Lindsey Graham and Rudy Giuliani subpoenaed in Georgia probe of Trump election schemes

Mr Graham and Mr Giuliani both assisted Mr Trump’s push to overturn Joe Biden’s 2020 election win in the Peach State

The Fulton County, Georgiagrand jury investigating former president Donald Trump’s attempts to overturn Joe Biden’s 2020 election victory has issued subpoenas to South Carolina Senator Lindsey Graham, former Trump attorney Rudolph Giuliani, and several other attorneys who played roles in Mr Trump’s scheme.

In addition to Mr Graham and Mr Giuliani, the Atlanta Journal-Constitution reports that the 23-person special grand jury has also moved to compel attorneys John Eastman, Cleta Mitchell, Kenneth Chesbro, and Jenna Ellis, as well lawyer and podcast host Jacki Pick Deason to give evidence in the probe of efforts by Mr Trump’s associates to pressure Georgia officials into taking illegal actions to reverse Mr Biden’s win after he became the first Democrat to carry the Peach State since then-Arkansas governor Bill Clinton defeated then-president George HW Bush in 1992.

The grand jury is looking into whether Mr Trump or any of his GOP allies violated Georgia laws by attempting to push Georgia Secretary of State Brad Raffensperger and Governor Brian Kemp to refuse to certify Mr Biden’s win, or by advocating for Georgia legislators to illegally ignore the will of voters by appointing pro-Trump electors who would have then voted for Mr Trump when the US electoral college met on 14 December 2020.

One subpoena recipient, Mr Eastman, has also been the subject of the year-long investigation conducted by the House January 6 select committee, which found that the former Chapman University law professor pressured then-vice president Mike Pence to violate the law by unilaterally disregarding electoral votes from swing states won by Mr Biden during the 6 January 2021 session at which Congress certified his electoral college win over Mr Trump.

Earlier this year, a California federal judge found that Mr Eastman and Mr Trump “more likely than not ... dishonestly conspired to obstruct” that joint session, which was briefly suspended when a riotous mob of Mr Trump’s supporters stormed the Capitol in what was the worst attack on America’s legislature since Major General Robert Ross ordered British troops to set it ablaze during the War of 1812.

Mr Eastman also pressured Georgia legislators during a post-election hearing in which he claimed there was “more than enough” evidence that Mr Biden’s victory was so tainted that it should be rescinded by legislators.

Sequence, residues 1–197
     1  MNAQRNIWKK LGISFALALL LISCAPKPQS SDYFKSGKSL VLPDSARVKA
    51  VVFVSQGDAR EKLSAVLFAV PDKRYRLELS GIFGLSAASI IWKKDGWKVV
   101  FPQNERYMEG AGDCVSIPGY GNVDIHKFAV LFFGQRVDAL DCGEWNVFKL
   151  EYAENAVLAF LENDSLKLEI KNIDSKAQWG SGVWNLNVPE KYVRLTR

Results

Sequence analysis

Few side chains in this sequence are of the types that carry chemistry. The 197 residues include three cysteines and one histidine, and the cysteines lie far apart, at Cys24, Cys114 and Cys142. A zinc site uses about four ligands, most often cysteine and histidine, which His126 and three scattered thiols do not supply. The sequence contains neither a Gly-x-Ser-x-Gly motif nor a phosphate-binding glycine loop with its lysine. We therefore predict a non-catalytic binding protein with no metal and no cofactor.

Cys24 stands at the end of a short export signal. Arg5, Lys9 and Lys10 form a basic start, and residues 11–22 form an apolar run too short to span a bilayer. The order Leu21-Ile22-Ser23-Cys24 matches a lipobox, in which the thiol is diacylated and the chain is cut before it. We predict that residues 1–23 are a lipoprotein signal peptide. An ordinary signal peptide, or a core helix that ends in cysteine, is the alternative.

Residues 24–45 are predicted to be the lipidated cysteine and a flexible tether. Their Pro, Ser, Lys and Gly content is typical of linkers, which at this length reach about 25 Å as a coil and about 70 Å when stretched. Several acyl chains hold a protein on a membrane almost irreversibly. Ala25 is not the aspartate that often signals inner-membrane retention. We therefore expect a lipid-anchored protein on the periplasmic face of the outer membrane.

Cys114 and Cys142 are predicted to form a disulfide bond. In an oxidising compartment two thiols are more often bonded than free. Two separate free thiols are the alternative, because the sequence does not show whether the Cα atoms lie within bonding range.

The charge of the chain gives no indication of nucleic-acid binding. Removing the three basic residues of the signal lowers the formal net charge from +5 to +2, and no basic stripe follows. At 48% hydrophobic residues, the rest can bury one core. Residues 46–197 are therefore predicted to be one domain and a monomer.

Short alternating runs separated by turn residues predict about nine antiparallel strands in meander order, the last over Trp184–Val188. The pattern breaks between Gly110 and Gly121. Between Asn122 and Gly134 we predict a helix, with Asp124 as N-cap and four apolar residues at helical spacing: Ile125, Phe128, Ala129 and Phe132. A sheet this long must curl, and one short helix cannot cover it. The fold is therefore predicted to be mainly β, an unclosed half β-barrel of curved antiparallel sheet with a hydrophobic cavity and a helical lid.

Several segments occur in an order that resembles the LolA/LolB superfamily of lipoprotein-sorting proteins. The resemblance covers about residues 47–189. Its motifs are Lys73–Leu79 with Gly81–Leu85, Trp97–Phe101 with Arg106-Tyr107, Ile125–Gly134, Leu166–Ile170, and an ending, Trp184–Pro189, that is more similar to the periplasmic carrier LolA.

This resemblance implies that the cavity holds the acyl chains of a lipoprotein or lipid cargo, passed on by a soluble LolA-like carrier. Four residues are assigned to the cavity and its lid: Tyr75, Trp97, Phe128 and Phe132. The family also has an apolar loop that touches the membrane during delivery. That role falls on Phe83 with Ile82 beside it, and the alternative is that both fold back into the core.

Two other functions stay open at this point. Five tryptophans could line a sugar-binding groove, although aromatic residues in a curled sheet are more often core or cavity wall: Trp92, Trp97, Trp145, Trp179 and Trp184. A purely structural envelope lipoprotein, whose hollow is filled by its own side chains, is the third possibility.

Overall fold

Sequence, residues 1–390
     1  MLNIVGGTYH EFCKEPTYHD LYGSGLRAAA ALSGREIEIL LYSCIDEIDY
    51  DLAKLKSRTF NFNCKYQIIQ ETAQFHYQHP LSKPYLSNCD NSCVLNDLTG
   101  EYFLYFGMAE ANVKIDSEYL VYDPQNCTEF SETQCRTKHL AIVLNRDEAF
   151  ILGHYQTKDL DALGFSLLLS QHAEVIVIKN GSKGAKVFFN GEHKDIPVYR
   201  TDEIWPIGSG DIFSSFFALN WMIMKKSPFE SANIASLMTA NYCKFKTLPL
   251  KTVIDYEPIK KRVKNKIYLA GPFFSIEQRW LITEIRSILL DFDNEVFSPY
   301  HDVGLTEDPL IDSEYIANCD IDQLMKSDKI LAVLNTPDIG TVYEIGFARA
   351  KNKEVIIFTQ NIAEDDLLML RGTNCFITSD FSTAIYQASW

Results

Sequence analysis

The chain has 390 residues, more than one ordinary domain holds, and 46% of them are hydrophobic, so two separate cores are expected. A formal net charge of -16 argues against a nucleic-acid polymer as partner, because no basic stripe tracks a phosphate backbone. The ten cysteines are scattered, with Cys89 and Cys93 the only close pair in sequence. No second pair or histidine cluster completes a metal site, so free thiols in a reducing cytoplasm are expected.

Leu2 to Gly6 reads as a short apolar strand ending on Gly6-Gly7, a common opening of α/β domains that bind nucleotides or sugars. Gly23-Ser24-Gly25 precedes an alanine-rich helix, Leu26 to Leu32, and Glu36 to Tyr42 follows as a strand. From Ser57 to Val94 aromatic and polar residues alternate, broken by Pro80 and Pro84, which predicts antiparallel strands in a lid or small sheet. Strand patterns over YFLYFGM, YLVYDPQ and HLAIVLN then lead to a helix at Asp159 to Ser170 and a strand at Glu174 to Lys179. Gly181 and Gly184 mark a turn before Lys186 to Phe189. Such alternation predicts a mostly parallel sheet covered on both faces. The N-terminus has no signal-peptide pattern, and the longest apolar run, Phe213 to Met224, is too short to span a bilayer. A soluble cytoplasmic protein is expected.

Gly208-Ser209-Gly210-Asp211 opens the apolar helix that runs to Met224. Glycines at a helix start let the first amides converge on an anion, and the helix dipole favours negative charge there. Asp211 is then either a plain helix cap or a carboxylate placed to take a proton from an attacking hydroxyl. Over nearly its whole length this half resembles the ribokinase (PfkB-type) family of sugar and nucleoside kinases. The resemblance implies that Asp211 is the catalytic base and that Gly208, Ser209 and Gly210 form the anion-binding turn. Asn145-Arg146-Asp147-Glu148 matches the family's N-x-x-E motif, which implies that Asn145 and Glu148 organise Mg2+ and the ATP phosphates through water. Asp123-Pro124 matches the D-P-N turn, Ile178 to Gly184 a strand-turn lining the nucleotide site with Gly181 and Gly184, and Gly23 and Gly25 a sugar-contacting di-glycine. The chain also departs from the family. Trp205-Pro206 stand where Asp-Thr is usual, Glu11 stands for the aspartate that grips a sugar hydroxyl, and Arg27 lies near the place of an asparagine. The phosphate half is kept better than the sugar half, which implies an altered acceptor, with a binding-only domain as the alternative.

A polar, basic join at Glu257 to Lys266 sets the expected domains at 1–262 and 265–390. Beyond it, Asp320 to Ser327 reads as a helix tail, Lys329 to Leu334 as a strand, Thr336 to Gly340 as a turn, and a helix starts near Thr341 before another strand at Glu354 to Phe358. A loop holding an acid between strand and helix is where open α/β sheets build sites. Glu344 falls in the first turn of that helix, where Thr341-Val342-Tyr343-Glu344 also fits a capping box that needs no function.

Both Mr Trump and Mr Graham placed separate calls to Mr Raffensperger in the days after the 2020 election to pressure him to find a way to throw out absentee votes for Mr Biden or somehow discover enough votes to make Mr Trump the victor in the Peach State.

According to a copy of the subpoena viewed by The Independent, the Georgia judge who signed off on the document found that Mr Graham “questioned Secretary Raffensperger and his staff about reexamining certain absentee ballots cast in Georgia in order to explore the possibility of a more favorable outcome for [Mr Trump” and “made reference to allegations of widespread voter fraud in the November 2020 clection in Georgia, consistent with public statements made by known affiliates of the ‘Trump Campaign” during “at least two telephone calls to [Mr Raffensperger] and members of his staff in the weeks following the November 2020 election”.

Ms Mitchell, who served as a lawyer for Mr Trump’s campaign, also participated in the phone call between Mr Trump and Mr Raffensperger, during which the then-president implored the election official to “find 11,780 votes” — a number that would have erased Mr Biden’s winning margin.

The same judge who approved the subpoenas against the other Trump allies found that Ms Mitchell “made allegations of widespread voter fraud in the November 2020 election in Georgia and pressured [Mr Raffensperger] to take action in his official capacity to investigate unfounded claims of fraud” during Mr Trump’s now-infamous call with Georgia’s top elections official.

The Georgia investigation is being overseen by Fulton County District Attorney Fani Willis, who launched it in early 2021 after a recording of Mr Trump’s call with Mr Raffensperger was made public by The Washington Post, and later expanded it to include Mr Giuliani and Mr Eastman’s pressure campaign against Georgia lawmakers.

Although the special grand jury cannot issue indictments, it is authorized to meet through May 2023 and can issue a report recommending that Ms Willis seek criminal charges.

Some of Mr Trump’s targets, including Mr Raffensperger and Georgia Attorney General Chris Carr, have already given evidence in closed sessions before the panel.

A spokesperson for Mr Graham did not immediately respond to an emailed request for comment from The Independent. A text message to Mr Giuliani seeking comment was also not immediately replied to.

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